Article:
Monday, February 28, 2011

Whole Wheat Pizza Pasta

Saturday I was in a bit of a quandary. I had all of the fixings for pizza, including tomato sauce that really needed to be used sooner rather than later, but I haven't made pasta in a while and I really wanted pasta.

So why not use all of those pizza fixings with pasta? I couldn't think of any reason why it wouldn't work, so pasta won. I whipped up a batch and got to work on the sauce.

I chopped up garlic and onions and sauteed them in olive oil. Then I added a tablespoon of tomato paste from the freezer (once I open a can, if I'm not going to use it all I divide it up by the tablespoon and freeze the individual portions on a sheet of wax paper. Once they're frozen I cut up the wax paper, wrap it around each piece, and throw it all into a freezer bag so I can use it in the amounts that I want. I used to just use the whole can regardless of what the recipe stated, but when I was on a budget I got in the habit of doing this and it sure comes in handy. Wow - this parenthetical aside is actually longer than this paragraph is going to be!) and let it melt and start to brown in the pan.

Once the tomato paste was browned and the onions and garlic were soft, I added the tomato sauce and my pizza spices - two parts dried thyme and oregano to one part dried thyme. I add just a little bit of salt because I was planning to add green olives and I didn't want it to be too salty.

I added a little water to thin out the sauce and lowered the heat to a simmer while I cut up some frozen artichoke hearts and the olives. I added those when the sauce had simmered for a while and was ready. The artichoke hearts were still a little frozen so they thinned out the sauce some.

While it was thickening up again, I cooked the pasta. When it was ready I added chopped fresh parsley to the sauce and then I plated the pasta, sprinkled grated mozzarella over it, then spooned the sauce over the cheese. I added more mozzarella and some grated Parmagiano Reggiano, and then I sprinkled more parsley for garnish

Overall, the dish was a success, which is not really a surprise considering the ingredients.

What was a surprise was how well the pasta worked. I have been trying to re-incorporate more whole wheat into my life, and I decided that this was the time for me to start incorporating it into my pasta. I started with one-third white whole wheat to two-thirds all-purpose flour. White whole wheat comes from a different kind of wheat than the kind of whole wheat flour I am used to using, which comes from a red wheat. The white whole wheat is more delicate than the red whole wheat and the bran isn't as noticeable, so it doesn't break the structure of the gluten as much. It works more like all-purpose flour but it is sturdier.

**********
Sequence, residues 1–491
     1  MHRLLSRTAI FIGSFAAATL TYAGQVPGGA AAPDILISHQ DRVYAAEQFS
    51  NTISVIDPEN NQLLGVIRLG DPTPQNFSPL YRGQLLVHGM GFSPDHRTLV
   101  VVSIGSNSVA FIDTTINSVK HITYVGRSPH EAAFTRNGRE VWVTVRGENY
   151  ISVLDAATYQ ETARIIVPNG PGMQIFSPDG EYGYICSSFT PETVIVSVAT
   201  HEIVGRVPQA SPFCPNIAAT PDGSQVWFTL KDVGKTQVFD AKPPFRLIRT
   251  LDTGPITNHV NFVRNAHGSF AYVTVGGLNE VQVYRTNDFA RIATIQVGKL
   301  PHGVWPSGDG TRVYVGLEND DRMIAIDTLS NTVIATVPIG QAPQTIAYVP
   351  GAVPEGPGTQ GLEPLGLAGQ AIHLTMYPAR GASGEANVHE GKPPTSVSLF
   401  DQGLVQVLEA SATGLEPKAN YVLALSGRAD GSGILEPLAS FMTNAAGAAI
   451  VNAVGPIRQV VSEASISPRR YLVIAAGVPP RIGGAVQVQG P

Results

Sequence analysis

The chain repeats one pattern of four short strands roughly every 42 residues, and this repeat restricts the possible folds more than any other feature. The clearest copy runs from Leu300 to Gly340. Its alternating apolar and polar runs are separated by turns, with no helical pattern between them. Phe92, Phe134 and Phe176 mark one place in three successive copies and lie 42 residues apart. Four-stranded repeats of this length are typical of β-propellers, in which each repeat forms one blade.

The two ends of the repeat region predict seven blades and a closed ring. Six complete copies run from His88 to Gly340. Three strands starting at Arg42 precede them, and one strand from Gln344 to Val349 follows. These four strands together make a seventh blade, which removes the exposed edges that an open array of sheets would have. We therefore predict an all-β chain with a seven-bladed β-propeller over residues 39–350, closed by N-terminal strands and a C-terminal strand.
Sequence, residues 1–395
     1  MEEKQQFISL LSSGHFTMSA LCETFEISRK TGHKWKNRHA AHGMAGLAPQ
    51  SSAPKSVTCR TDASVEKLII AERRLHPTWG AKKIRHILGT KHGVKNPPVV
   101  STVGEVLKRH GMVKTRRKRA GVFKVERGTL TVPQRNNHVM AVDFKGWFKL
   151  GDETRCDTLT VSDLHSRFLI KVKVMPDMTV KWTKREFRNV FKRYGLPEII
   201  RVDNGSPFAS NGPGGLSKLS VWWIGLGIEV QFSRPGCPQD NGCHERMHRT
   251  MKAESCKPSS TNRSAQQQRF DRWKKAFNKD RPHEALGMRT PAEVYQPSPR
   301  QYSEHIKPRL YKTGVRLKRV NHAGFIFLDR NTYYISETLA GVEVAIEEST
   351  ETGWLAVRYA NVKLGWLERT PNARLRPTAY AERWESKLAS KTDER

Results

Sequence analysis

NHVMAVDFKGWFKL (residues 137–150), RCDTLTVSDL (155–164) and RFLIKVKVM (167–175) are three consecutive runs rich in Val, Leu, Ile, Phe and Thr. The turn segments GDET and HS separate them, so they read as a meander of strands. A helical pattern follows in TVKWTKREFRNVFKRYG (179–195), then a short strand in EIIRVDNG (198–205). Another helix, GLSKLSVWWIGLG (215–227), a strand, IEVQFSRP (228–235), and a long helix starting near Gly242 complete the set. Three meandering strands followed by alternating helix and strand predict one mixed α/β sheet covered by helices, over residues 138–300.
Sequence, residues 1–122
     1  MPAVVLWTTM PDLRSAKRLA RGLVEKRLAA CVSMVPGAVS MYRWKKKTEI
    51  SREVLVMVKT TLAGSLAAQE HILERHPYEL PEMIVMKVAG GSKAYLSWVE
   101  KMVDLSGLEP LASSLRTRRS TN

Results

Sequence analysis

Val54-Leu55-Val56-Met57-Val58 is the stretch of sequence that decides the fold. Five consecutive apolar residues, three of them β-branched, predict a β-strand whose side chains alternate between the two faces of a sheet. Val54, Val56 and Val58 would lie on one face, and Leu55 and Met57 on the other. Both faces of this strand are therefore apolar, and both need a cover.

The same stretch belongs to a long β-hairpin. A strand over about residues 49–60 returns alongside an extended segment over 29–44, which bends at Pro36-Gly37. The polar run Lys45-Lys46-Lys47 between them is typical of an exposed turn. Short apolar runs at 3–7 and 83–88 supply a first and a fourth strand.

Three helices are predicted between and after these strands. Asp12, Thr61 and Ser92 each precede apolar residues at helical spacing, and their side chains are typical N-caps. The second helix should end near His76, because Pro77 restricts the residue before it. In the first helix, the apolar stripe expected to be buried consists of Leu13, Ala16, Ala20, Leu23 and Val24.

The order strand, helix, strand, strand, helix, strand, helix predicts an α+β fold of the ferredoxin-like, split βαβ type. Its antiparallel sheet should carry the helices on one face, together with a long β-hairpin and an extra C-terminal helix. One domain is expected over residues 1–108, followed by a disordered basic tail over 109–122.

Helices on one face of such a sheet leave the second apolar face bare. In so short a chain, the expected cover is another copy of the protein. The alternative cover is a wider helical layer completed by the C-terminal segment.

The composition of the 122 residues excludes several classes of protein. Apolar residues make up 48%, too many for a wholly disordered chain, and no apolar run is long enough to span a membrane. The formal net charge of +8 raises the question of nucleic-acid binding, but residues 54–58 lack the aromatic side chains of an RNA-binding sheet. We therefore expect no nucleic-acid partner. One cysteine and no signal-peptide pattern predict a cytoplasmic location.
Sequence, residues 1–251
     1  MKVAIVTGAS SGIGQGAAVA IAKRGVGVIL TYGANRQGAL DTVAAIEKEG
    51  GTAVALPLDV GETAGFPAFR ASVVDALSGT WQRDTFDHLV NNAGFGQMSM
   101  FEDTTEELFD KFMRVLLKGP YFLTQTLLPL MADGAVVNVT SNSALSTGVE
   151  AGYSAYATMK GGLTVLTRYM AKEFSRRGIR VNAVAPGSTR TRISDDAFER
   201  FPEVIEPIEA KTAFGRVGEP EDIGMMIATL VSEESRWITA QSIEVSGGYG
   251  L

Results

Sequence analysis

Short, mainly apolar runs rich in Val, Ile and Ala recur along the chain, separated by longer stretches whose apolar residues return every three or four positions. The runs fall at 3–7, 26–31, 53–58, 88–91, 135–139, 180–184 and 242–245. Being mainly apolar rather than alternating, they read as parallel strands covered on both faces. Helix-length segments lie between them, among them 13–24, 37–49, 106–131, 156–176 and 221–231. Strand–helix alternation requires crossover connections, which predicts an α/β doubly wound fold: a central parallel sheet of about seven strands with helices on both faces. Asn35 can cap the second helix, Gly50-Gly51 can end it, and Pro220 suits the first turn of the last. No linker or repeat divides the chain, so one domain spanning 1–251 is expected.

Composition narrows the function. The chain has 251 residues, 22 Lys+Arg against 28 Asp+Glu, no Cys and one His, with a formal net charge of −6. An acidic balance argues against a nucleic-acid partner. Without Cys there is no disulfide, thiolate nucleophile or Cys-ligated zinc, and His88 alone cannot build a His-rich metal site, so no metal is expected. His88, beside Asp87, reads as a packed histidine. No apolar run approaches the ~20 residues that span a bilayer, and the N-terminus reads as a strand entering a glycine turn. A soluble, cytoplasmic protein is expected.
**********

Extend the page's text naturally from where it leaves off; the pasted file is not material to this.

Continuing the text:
And I have to say that I liked the flavor of the pasta with the white whole wheat more than the pasta made only with the all-purpose flour. I was afraid it would be harder to roll out, but it was about the same. Surprisingly, it was easier to cut and unroll than the all-purpose pasta was.

I have also started making all of my pasta in the food processor. It's faster and easier to clean up than mounding up the flour, making the well, dropping in the eggs and salt and mixing it up on the counter. Don't get me wrong - I'm glad I know how to do it and it helped me to get familiar with how the dough should feel, but it's a little easier on the shoulders and elbows to do the initial work in the processor.

All in all, a rousing success. I plan to keep raising the ratio of white whole wheat to all-purpose flour, but if you are just getting started and want to take it slowly like I did, here is how you start.

Makes 1/2 lb.

1/2 cup white whole wheat flour
1 cup all-purpose flour, separated
1/4 tsp kosher salt
2 eggs

Place the white whole wheat flour and 1/2 a cup of the all-purpose flour in the bowl of a food processor. Add the salt and pulse a few times to mix the ingredients together.

Add the eggs and pulse a few times, until the dough starts to come together. At this point it should still be sticky. Add the rest of the flour, about a third at a time, stopping when the dough is still tacky to the touch. Empty the dough onto a floured work surface. Knead until smooth and elastic, about ten minutes. Wrap in plastic and let rest for 20-30 minutes.

Roll out the pasta until it is about 1/16-inch thick. Cut it into the desired shape (instructions for cutting into noodles here) and cook it in salted boiling water for 3 minutes. You can either add it to the pan with the sauce, or put the sauce on after it is plated. Or, if you want to cook the cut pasta later, make sure it is well coated with flour and put it in a plastic bag, where you can store it in the refrigerator for a day or two or the freezer for a few months.

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